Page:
• Lopez Island offers beautiful water scenery, views of Mt Baker and the distant Olympic mountain range; sandy yet somewhat rocky beaches, hills of evergreen trees, farmlands and a feeling that you are many, many miles from the bustling city life. It is comfortably walkable and a popular destination of cyclists. The rural setting is home to numerous wooded trails and State and County Parks.
  • So rent a bike or bring your own and explore the treasured landscape or rent a kayak and paddle around protected Fisherman's Bay or one of the National Wildlife Refuge Islands breathing in the salt air. Chances are pretty good that you will see a Bald Eagle or two.
  • Visit the Lopez Center for the Community and the Arts located in the Village it boasts an outdoor performance pavilion garden, skateboard park, and Family Center.
  • Grab a tasting at one of the family run Wineries of which there are at least three.
  • Put on your hiking boots or best walking shoes and explore sea life, tide pools, forests, flower gardens and parks.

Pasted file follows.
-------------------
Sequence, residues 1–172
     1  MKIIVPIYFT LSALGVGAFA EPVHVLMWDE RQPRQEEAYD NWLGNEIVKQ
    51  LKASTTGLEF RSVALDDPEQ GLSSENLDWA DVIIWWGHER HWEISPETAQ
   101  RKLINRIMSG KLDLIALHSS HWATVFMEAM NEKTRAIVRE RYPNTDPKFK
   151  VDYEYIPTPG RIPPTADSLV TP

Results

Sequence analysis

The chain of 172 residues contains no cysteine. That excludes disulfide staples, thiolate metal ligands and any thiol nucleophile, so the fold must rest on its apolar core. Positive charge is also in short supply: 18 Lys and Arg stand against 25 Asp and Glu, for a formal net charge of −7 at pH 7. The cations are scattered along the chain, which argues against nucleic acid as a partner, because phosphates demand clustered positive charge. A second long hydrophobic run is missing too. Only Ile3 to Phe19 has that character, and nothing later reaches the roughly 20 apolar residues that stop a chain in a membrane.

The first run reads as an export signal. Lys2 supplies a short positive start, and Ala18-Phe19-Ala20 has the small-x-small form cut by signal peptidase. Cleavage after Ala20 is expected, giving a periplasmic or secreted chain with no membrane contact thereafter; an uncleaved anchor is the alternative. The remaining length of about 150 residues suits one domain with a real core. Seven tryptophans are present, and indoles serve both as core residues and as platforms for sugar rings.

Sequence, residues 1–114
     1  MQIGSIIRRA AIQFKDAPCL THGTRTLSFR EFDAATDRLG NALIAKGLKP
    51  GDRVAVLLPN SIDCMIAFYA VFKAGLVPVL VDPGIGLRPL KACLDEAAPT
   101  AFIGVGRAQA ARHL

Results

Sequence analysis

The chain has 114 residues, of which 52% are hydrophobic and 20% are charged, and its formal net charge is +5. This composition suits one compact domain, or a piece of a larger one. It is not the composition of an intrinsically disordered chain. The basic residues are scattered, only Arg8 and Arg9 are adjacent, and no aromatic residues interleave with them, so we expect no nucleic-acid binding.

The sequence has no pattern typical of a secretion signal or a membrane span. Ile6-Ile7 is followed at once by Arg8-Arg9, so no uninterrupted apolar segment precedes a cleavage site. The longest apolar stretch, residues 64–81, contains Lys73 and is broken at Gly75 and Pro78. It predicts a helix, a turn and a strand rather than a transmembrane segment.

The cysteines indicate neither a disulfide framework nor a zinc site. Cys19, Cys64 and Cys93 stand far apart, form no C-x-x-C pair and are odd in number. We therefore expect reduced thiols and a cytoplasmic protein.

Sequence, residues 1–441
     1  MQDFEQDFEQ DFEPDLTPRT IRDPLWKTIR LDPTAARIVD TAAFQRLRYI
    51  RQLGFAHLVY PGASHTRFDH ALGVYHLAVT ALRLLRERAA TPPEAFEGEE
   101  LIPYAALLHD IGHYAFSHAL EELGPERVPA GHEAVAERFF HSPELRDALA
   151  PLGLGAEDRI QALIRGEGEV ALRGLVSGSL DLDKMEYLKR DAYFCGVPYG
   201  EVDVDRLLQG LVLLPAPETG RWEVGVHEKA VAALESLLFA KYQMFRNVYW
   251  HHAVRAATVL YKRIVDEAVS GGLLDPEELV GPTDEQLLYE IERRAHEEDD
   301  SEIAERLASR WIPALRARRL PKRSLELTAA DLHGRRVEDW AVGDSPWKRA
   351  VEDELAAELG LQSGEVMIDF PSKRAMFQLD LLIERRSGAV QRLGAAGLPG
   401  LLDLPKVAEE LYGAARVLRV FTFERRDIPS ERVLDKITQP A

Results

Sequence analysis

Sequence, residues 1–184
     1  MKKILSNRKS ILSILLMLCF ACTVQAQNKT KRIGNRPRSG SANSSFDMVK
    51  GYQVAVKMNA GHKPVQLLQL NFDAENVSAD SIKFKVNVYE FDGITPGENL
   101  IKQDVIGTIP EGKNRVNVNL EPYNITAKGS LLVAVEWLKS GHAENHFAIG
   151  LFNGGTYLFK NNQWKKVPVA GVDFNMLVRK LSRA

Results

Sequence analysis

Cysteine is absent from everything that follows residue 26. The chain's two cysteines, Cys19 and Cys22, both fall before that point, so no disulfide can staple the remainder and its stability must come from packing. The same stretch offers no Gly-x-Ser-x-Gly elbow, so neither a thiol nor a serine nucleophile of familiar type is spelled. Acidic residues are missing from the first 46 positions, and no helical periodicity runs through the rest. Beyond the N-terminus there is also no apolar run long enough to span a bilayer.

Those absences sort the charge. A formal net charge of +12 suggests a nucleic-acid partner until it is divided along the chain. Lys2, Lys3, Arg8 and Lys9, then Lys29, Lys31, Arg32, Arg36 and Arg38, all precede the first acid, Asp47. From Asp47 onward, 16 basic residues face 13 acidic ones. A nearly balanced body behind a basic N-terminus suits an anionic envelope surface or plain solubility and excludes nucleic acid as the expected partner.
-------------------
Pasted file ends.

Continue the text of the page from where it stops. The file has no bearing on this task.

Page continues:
Most important - you must visit Lopez Village

Lopez Village

The heart of Lopez Island is Lopez Village located on Fisherman's Bay and home to splendid cafes, coffee shops, bakery, restaurants, the Blossom Grocery (aka supermarket), an organic market, a variety of small shops, a Historical Museum, and a Farmer's Market.

We walked from the Islander marina to the supermarket in Lopez Village about 4:30 or 5:00 each afternoon to pick up a bottle of wine and few daily items. It's about a 3 mile round-trip walk and a great way to stretch the legs after a day on the water.

Boomer loved it! At home he gets two walks a day and here he had so many new smells to check out. He was a happy Boomer Boy

Tail-wagger Boating Tips

Keep your Dog Safe and Happy

Be sure they enjoy the boat -

Let them investigate every little inch of your boat while you are still on land, if they are like Boomer they will want to sniff it out. We built a carpeted plank to lay across the steps going into the cabin. This allows him to walk from the outer part of the boat to the bed in the cabin much easier.

Start the motor with them on or near the boat, the loud motor may be a bit unnerving to your dog. Boomer is very apprehensive around loud noises the 4th of July is not a happy time for him. Fortunately the outboard motor does not disturb him.

Take your dog on a few short boating trips before you plan a week long boating vacation. Help them get comfortable with their surroundings, the wind blowing in their face and the movements of the boat on water. We take one of Boomer's beds with us and he likes to sit on it between us.